As I say, dear Millennial, for some of you this will happen in your twenties. For others, it may not even have happened by the time your children grow up and go off to become starry-eyed EU-philes themselves. For some, it takes getting into the next phase of life to change their mind. We could call this next stage the grandparent’s, or grey-head’s, stage.

The most amusing aspect of millennial rage about Brexit is the apparent belief that such elderly, who voted in such large swathes for Brexit, were only thinking about themselves, rather than their family’s or the country’s future. There may be an element of projection there. Despite their idealistic beliefs, from what I have seen, young people tend to be rather more self-obsessed than older people,

But anyway, it’s not the case that older people are so self-obsessed. By this time of their lives, many are grandparents, and if you know grandparents, you know how involved they are with their grandchildren, how much they want a good future for them. Generativity, to put it in Erikson’s words, has become so much greater a part of what motivates their decisions. By the time one is into one’s 60s, one is thinking much more about the future, and what is good for the world, than one ever has before. One also – surprise! – has a great deal of experience and has put a great deal of thought into the matter – an opportunity that has not yet been made available for you, dear Millennial.

Idealism versus wisdom: which of these two would I rather have if I wanted a good decision to be made? Is it really that surprising that I would say the latter? May I suggest that, years from now, you too will believe the same?

So, it just ain’t the case that as some of us die, and others of us reach voting age, a massive change in voting patterns, towards staying in the EU, is taking, or will take, place. They say a Conservative is a Liberal who has been mugged by reality. We all get mugged by reality, to some degree, when we leave the protective cocoon of parental home, of university. Some of us take a short time to learn from that reality; some of us take much longer; some of us indeed never learn. But I apologise for having to inform you that you Millennials may, in 40 years’ time, be the most staunch advocates of an independent Britain.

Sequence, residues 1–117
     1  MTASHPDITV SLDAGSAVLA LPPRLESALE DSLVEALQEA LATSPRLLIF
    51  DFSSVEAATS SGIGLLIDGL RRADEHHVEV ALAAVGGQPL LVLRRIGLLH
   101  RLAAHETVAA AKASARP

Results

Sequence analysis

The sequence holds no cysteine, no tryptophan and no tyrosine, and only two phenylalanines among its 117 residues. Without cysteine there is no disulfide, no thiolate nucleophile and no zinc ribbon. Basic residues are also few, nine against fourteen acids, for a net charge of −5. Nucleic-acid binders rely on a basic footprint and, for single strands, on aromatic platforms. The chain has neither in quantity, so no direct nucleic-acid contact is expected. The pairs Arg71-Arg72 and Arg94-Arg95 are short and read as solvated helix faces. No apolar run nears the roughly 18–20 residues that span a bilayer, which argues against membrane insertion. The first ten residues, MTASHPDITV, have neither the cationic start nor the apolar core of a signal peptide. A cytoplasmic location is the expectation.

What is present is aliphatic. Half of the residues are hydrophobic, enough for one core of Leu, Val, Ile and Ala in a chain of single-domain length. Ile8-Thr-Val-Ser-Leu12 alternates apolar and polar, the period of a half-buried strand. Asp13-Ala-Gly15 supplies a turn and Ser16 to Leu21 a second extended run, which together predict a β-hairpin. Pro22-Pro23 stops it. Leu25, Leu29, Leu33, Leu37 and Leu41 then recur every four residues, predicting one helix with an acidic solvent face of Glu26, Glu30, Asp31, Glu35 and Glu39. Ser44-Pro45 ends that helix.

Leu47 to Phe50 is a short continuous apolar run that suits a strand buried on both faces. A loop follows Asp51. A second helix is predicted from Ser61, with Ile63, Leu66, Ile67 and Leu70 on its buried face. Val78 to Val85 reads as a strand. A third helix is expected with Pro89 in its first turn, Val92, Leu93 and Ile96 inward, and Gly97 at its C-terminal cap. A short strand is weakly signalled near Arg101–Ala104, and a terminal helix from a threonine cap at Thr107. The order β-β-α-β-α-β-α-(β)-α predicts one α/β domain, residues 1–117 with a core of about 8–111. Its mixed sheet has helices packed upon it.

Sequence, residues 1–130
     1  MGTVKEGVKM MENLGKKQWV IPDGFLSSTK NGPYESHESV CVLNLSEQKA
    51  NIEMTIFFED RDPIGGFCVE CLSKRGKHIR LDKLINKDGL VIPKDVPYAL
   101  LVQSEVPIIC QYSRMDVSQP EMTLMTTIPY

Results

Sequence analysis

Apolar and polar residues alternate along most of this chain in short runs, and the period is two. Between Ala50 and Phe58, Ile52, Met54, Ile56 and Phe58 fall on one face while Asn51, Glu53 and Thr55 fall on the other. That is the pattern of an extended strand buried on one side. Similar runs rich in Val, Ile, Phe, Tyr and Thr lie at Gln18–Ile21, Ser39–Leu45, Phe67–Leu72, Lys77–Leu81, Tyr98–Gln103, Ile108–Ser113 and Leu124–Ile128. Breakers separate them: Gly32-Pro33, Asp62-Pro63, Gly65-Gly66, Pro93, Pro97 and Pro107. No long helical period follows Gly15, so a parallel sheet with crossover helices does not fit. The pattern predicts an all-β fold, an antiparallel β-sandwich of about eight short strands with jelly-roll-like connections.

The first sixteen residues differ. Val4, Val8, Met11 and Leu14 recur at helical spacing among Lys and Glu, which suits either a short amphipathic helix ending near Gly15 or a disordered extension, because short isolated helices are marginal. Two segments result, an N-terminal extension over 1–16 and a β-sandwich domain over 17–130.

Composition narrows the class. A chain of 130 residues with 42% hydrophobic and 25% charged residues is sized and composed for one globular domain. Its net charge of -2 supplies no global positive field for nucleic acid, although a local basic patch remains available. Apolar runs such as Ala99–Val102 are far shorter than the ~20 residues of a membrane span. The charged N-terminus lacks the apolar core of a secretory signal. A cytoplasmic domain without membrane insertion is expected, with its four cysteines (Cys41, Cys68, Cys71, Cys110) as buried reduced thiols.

After all, think about this: in the 1970s, those of us who are now 70 were in our early 20s. Guess what? We had a referendum then, and we voted to stay in the EU (or, I should more properly say, the Common Market). Why? Well, we were young and idealistic. It all sounded very hopeful. In 1975, even Margaret Thatcher had a woolly jacket with all the EU flags on it, and promoted membership (of the Common Market, of course, not of the political and economic project that has become the EU).

But now, those very same young people who voted to stay in the Common Market in 1975 have become the 60- and 70- year olds who voted to Leave in 2016. Why do you think that was? Is it so very difficult for you to understand that that same maturation process that we all went through, that made us change our mind, may, possibly quite soon, anyway sooner or later, happen with you too?

Jon Moynihan is Chairman of Ipex Capital, the Technology-focused Venture Capital company.